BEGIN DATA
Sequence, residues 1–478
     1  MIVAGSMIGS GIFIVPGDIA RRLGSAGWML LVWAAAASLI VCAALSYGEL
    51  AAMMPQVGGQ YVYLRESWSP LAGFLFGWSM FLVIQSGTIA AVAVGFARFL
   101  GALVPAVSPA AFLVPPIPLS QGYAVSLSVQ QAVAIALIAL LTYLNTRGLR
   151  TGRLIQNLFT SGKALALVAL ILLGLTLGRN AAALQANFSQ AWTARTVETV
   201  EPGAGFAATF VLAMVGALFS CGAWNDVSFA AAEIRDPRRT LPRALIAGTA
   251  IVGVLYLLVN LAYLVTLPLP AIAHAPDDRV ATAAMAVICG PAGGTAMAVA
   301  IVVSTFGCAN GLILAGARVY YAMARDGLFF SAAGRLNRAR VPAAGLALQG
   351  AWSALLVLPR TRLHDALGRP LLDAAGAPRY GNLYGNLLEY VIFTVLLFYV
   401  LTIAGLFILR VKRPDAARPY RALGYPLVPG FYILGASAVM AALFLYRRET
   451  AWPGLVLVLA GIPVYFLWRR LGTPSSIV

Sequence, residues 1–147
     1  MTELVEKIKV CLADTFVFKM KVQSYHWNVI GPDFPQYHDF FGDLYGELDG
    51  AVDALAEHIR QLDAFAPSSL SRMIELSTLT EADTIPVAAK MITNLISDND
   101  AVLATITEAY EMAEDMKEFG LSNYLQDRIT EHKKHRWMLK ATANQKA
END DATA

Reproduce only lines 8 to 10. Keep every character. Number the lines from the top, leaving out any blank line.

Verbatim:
   301  IVVSTFGCAN GLILAGARVY YAMARDGLFF SAAGRLNRAR VPAAGLALQG
   351  AWSALLVLPR TRLHDALGRP LLDAAGAPRY GNLYGNLLEY VIFTVLLFYV
   401  LTIAGLFILR VKRPDAARPY RALGYPLVPG FYILGASAVM AALFLYRRET